Category: Legalization | Posted on Thu, October, 16th 2014 by THCFinder
A new poll was released in Oregon which shows the marijuana legalization initiative, Measure 91, winning by a significant margin. Support is highest among young voters and independents. Per Oregon Public Broadcasting:
Fifty-two percent of likely voters said they’d vote for the idea. Forty-one percent said they’d vote against it.
Debra Klaviter lives in The Dalles and has run a Farmers Insurance Agency for 25 years. She says she’ll be voting for the marijuana legalization measure because she says it should be an option for people in pain.
“I’ve seen people that have started to take care of their own health care, their own pain management, and how the system works for them. Oh my gracious, there’s no question that it should be legalized,” Klaviter said.
Some who oppose the measure say it would allow people to possess too much pot at one time, and in forms that might appeal to children.
The poll has a margin of error of 4.3 percent. About seven percent of respondents haven’t decided how they’ll vote on Measure 91. That means the measure’s passage is still up for grabs.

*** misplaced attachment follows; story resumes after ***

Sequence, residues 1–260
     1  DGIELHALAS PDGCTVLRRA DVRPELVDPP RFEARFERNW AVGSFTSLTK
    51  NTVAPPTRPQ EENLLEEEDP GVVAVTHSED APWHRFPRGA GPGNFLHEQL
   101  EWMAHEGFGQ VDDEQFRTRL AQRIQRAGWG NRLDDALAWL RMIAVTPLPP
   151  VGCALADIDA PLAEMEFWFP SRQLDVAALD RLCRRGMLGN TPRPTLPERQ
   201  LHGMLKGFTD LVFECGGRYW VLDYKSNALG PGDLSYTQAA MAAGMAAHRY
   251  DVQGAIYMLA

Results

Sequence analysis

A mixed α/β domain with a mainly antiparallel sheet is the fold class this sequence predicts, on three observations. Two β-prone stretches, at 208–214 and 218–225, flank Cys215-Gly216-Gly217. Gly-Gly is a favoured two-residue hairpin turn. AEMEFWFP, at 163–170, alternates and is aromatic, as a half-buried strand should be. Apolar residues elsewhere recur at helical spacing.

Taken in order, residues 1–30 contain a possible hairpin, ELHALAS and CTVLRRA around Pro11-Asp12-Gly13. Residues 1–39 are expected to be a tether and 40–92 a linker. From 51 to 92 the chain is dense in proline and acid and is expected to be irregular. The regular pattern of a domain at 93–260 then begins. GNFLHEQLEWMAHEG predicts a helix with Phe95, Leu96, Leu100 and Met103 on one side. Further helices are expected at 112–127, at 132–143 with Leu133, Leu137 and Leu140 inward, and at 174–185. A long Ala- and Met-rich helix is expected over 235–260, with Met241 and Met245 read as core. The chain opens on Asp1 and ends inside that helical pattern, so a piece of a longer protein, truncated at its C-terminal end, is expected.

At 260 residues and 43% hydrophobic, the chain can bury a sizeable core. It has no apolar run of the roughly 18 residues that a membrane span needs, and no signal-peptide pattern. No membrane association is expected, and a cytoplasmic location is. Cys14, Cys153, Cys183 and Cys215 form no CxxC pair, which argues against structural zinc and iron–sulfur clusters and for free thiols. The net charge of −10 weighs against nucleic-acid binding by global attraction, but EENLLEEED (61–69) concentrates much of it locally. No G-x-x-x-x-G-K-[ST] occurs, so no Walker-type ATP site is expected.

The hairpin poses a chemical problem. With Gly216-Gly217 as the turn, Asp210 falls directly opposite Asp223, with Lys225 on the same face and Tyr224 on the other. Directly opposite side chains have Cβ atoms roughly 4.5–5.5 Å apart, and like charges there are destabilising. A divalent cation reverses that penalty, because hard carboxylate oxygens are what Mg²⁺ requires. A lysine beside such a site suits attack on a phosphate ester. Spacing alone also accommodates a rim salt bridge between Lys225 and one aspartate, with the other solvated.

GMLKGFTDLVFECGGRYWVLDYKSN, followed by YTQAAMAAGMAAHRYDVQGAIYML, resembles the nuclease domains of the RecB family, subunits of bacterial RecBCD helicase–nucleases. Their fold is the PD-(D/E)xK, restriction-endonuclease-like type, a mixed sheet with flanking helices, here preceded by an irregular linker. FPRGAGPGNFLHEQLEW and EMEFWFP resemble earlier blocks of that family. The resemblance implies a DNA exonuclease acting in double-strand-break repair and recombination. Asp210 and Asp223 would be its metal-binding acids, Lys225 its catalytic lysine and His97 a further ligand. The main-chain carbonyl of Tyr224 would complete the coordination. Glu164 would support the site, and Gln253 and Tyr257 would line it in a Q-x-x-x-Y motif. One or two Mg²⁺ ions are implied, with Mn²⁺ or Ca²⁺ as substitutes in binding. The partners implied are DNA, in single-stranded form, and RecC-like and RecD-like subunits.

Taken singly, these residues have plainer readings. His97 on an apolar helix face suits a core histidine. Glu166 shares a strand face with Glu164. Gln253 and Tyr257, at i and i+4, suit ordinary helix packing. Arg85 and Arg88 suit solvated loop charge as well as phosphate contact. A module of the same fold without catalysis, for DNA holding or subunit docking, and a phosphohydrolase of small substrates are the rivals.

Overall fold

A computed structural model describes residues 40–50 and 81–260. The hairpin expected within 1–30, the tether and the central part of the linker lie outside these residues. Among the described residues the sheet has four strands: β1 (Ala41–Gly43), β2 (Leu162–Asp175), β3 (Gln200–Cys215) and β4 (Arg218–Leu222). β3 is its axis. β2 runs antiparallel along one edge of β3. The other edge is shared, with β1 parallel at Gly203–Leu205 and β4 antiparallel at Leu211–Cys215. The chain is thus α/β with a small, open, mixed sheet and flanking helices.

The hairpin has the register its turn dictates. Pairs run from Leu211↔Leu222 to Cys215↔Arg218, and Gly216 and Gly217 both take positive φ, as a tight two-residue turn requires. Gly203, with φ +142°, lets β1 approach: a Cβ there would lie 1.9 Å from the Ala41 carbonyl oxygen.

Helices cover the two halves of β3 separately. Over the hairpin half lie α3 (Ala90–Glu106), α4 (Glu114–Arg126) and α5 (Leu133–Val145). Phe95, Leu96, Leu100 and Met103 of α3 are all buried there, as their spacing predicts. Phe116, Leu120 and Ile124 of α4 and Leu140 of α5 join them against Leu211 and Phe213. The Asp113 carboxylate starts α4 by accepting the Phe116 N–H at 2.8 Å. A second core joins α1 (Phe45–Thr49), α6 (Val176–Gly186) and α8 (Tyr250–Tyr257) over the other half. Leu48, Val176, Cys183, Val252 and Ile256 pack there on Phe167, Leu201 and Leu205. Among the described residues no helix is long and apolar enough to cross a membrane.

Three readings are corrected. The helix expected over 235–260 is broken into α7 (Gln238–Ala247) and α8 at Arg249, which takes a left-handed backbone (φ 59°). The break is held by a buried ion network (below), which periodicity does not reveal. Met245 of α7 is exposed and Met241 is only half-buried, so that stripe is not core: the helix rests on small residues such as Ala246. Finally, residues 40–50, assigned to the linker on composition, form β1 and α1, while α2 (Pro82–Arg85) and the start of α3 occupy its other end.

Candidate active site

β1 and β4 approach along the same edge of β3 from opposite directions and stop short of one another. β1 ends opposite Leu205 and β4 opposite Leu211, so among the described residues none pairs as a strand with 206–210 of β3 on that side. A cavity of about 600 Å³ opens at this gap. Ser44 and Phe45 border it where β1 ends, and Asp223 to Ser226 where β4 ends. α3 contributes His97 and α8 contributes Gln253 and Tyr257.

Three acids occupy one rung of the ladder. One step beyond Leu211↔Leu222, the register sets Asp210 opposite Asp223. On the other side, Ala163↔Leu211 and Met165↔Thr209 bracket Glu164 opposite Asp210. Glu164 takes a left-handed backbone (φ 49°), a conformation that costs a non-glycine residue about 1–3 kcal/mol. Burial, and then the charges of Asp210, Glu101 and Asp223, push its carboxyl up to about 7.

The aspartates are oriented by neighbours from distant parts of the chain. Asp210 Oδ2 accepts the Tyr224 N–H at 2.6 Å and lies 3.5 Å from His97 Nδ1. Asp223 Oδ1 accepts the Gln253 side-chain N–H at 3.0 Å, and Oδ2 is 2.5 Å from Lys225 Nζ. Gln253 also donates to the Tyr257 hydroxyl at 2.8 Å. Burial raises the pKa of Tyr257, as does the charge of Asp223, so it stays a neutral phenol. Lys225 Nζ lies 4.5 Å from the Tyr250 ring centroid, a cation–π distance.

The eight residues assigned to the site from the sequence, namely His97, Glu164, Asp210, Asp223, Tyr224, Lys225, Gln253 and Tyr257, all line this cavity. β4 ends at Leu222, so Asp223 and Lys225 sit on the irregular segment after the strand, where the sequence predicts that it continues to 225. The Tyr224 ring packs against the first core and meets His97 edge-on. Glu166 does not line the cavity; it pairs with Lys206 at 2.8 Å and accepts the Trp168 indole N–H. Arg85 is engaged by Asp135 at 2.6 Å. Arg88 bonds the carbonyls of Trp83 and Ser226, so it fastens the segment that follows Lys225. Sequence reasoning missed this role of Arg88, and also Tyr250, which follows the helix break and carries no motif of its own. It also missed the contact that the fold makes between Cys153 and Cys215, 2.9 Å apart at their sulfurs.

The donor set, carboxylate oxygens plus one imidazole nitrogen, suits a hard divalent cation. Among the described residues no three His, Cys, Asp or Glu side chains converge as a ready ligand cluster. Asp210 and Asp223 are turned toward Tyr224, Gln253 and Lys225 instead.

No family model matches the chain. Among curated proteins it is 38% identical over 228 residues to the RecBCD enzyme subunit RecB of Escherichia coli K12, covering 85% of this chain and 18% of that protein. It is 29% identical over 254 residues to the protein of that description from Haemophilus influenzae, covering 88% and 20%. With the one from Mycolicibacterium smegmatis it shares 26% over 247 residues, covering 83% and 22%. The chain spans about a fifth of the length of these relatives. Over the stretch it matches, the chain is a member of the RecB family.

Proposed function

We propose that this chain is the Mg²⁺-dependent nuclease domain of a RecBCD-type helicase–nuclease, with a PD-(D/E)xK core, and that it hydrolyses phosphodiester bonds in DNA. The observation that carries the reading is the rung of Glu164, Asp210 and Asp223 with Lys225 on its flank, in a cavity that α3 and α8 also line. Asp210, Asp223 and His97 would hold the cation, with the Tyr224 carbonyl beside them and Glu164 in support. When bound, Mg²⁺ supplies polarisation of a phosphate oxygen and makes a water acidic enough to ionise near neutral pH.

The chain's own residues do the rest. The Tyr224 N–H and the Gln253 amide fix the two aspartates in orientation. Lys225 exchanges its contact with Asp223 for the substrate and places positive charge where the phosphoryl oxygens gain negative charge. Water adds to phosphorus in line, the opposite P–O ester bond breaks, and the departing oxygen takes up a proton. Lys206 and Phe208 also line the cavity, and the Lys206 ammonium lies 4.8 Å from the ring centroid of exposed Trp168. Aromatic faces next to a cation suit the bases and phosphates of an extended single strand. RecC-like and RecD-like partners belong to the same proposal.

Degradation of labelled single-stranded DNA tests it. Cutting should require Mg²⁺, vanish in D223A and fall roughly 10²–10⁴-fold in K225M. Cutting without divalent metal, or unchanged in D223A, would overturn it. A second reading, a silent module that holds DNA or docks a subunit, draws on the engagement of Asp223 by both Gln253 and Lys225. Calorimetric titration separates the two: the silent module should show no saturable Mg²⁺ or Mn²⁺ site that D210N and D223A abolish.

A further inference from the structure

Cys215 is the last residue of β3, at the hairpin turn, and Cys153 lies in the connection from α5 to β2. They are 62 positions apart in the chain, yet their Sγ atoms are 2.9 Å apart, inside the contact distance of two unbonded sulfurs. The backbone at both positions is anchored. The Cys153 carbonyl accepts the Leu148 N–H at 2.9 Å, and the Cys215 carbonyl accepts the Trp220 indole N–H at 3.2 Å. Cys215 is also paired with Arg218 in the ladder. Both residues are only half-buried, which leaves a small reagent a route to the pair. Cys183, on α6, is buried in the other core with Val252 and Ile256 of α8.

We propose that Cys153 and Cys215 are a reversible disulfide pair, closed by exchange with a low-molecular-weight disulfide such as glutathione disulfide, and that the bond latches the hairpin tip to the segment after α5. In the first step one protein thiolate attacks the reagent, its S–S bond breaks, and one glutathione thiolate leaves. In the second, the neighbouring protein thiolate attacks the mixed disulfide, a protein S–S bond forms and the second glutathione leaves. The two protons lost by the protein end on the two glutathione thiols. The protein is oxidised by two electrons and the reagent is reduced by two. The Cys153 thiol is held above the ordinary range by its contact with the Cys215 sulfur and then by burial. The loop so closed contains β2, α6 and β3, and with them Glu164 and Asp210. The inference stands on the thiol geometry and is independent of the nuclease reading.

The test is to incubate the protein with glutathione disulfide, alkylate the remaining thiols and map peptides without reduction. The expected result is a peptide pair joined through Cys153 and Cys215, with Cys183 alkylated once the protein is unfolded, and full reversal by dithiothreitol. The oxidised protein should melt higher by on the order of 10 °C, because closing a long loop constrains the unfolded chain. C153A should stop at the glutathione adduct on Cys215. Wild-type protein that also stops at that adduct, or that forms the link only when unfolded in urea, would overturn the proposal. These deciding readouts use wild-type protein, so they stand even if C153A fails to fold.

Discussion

Pollster John Horvick of Portland-based DHM research says turn-out will be key.
“For example, 18 to 34 year-olds, 70 percent plan to vote for Measure 91 for legalization. Sixty-eight percent of independents plan to. Now those are all groups who are the least likely to show-up come election day. So if the marijuana campaign is able to get those voters out, it looks like it could pass, it’ll be close, a squeaker.”
I look at this blog’s traffic stats and demographics everyday. I know that we have received well over 600,000 visitors to this blog from Oregon, and that about 75% of those visitors were between 18-34 years old. I don’t know the political party affiliations of those visitors, but I’d imagine a great percentage of them are independents. So for the love of marijuana reform, VOTE! Tell everyone else that you know to VOTE. We will only legalize marijuana in my home state if you guys get off your butts, and turn in your ballots. Oregon is a vote by mail state, so it’s not even that hard. Watch for your ballot, fill it out, and turn it in. Marijuana reform is relying on you!